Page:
Top Baby Names Revealed

Wednesday, May 25, 2016

Around 1 in 10 Australian babies last year were given one of the Top 10 baby names; a total of 28,640 out of the total Australian annual births of 298,200. There were 2,283 boys named Oliver and 1,737 girls named Charlotte last year.

Charlotte takes top spot after Olivia’s 3 year reign

Charlotte, with 1,737 occurrences is the top girl baby name in Australia for 2015, taking the top spot from Olivia which is now in 2nd place.

Olivia was the most popular girls’ name in 2014 but has now fallen behind by 67 occurrences.

Charlotte was the most popular baby girls’ name in almost every state while Olivia was top in VIC and WA.

Oliver most popular in the states but Jack more popular in the territories

Keeping the top spot from 2014 is Oliver, the top boy baby name in Australia for 2015 having overtaken Jack and William which were 1st in 2011 and 2012 respectively.

Oliver was the top boys’ name in all 6 states (NSW, VIC, QLD, SA, WA, TAS) while Jack was the top boy baby name in the Northern Territory.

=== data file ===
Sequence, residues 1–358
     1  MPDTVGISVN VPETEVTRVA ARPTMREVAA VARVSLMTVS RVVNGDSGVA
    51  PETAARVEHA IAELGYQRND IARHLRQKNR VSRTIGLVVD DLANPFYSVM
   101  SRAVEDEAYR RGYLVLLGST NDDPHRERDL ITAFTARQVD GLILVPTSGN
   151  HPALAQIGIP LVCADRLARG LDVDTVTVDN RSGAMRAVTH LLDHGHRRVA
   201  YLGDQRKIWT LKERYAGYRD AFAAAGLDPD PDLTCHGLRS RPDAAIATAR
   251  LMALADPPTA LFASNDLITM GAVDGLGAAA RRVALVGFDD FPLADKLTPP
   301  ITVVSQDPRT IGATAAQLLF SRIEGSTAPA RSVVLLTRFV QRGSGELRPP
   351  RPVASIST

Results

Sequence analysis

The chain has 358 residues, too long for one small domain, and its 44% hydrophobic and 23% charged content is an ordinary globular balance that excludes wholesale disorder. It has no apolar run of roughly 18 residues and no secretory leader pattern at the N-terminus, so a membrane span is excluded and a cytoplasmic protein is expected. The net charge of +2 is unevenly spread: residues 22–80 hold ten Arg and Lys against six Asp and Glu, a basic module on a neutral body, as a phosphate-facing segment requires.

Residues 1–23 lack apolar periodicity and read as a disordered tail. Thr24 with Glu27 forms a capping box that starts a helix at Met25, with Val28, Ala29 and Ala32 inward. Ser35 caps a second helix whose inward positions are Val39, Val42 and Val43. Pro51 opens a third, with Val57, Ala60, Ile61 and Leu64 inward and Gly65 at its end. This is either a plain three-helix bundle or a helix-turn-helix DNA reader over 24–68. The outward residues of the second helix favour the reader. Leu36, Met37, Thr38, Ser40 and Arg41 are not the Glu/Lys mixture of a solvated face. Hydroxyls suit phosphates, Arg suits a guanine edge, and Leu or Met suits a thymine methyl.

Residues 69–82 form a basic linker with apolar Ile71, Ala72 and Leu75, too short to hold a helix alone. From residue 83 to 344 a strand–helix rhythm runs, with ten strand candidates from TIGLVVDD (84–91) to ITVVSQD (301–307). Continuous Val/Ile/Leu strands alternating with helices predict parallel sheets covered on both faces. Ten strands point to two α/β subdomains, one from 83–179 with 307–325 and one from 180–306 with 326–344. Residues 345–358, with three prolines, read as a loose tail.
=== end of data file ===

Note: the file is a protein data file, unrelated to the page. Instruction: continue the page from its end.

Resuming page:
There were 421 more instances of Oliver than William, an increase on the margin of 191 from 2014. In 2015, there were 2,283 boys named Oliver, 1,862 named William and 1,802 named Jack which is a decrease for both William and Jack on 2014.

Top 10 Girl's name trends and insights

Most of the top 10 girls’ names from 2014 have held on to a top 10 ranking in 2015 except for Ruby which has slipped out of the top 10 down to 13th place. In Ruby’s place, Grace has reached top 10 status. Charlotte, Amelia, Sophia and Chloe all improved on their 2014 ranking with Olivia, Mia, Emily, Sophie and Ruby being the ones which have dropped. Ava was the only name to retain the same ranking.

Top 10 Boy’s name trends and insights